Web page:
Why I Climb Ice -
Walt Whitman, while working as a nurse in Union hospitals during the American Civil War wrote that “death loses all it’s terrors” after seeing “so many cases where it was welcome and a relief”. Those words swim to the surface of my conscious as I walk the halls of M.D. Anderson Cancer Center in Houston, Texas. A hundred or so people crowd the waiting room of the Leukemia Department and I recognize myself in all of them: their grey skin, their yellow eyes, their thin frames and bald heads. These are my people. Fifteen months of facing death and being surrounded by death has only embellished my cynicism and eroded my bitterness. Still, at my home in Colorado I abide to a resolution of delusional optimism by sharpening the picks of my ice tools (I haven’t swung my tools into anything other than two by fours since I was diagnosed with Leukemia fifteen months ago). I’ll likely never feel that satisfying “thump” of placing my tools into plastic-ice ever again, and still I sharpen my picks and study photographs of the ephemeral ice smears I admire. In retrospect I feel fortunate having learned to climb by driven and competent men, allowing me to have climbed as many lines as I have. Still, I dwell in my disaster and fixate on the one’s that got away. A whole lifetime’s worth of melt-freeze, melt-freeze, season after season, defeat after defeat, the miles walked over talus and through drifts accumulating to a distance equal to that of walking to the moon and back, all for the chance to climb something beautiful and dangerous, impermanent and unique.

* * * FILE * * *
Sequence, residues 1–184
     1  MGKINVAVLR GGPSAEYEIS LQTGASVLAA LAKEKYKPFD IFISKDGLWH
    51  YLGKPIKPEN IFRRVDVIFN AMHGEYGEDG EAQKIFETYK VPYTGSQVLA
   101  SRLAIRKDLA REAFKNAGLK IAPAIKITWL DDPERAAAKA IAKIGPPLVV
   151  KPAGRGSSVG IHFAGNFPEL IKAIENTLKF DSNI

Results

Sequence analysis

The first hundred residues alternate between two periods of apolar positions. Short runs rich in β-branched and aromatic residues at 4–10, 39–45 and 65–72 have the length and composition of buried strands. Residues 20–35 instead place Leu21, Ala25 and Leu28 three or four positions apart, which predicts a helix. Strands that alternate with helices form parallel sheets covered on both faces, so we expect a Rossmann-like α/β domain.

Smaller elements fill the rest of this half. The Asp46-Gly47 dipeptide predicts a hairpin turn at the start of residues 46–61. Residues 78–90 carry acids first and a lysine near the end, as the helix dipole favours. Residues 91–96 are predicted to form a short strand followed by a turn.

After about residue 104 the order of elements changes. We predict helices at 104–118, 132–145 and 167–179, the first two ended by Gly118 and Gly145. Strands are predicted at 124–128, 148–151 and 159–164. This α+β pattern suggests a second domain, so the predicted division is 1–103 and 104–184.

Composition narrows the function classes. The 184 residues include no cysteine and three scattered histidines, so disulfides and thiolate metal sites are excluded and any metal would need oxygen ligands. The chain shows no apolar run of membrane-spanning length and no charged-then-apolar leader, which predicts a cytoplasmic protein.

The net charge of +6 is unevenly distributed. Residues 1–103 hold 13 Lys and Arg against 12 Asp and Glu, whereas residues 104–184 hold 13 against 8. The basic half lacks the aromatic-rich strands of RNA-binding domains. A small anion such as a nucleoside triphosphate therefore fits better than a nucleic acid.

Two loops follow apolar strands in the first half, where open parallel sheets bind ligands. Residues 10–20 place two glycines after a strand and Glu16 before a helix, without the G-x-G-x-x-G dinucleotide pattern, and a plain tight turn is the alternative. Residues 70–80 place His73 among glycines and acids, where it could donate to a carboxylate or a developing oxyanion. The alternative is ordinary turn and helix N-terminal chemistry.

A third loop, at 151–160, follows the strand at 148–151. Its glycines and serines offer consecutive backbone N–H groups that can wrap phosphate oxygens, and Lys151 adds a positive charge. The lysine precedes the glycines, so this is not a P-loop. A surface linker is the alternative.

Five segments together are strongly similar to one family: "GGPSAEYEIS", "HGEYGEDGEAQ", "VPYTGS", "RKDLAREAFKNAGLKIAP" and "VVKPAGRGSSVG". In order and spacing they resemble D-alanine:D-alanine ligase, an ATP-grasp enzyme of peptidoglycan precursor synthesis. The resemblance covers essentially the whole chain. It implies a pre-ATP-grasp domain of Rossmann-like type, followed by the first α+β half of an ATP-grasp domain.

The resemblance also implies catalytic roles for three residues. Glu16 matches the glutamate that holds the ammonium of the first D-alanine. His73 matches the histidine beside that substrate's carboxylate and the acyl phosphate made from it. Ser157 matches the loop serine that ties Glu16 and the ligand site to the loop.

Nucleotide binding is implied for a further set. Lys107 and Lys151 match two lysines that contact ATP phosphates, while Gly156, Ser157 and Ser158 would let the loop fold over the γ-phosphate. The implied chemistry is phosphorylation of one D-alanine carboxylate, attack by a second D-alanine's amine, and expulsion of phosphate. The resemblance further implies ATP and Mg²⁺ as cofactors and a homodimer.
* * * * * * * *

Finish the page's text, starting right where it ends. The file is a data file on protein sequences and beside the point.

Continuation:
Things can always get worse. There really is no bottom to the depths of suffering, but I have learned that through it all we somehow find within our selves the courage, strength, and humor needed to carry on. We can dig so deep, and then deeper still when facing our personal tragedies, and we have the ability to view those tragedies as opportunities to grow as individuals. We seek out the lines on mountains that call to us in search of the same opportunity, and by accepting risk, overcoming discomfort and hardship, we are allowed fleeting moments of Nirvana, of grace. This is why I climb ice. My wanting for more routes, more fruitless treks, more screaming barfies, more defeats and occasional moments of success has kept me going day in and day out through what feels like a lifetime of suffering. A slow death is calling me and I know she’ll be a welcome relief when she arrives - whether that be in this hospital bed or years from now in the mountains where I have searched for and found dazzling smears of ice that appear for a number of hours on the flanks of granite walls and then disappear in a matter of minutes beneath a fierce western sun… I hope it’s the latter.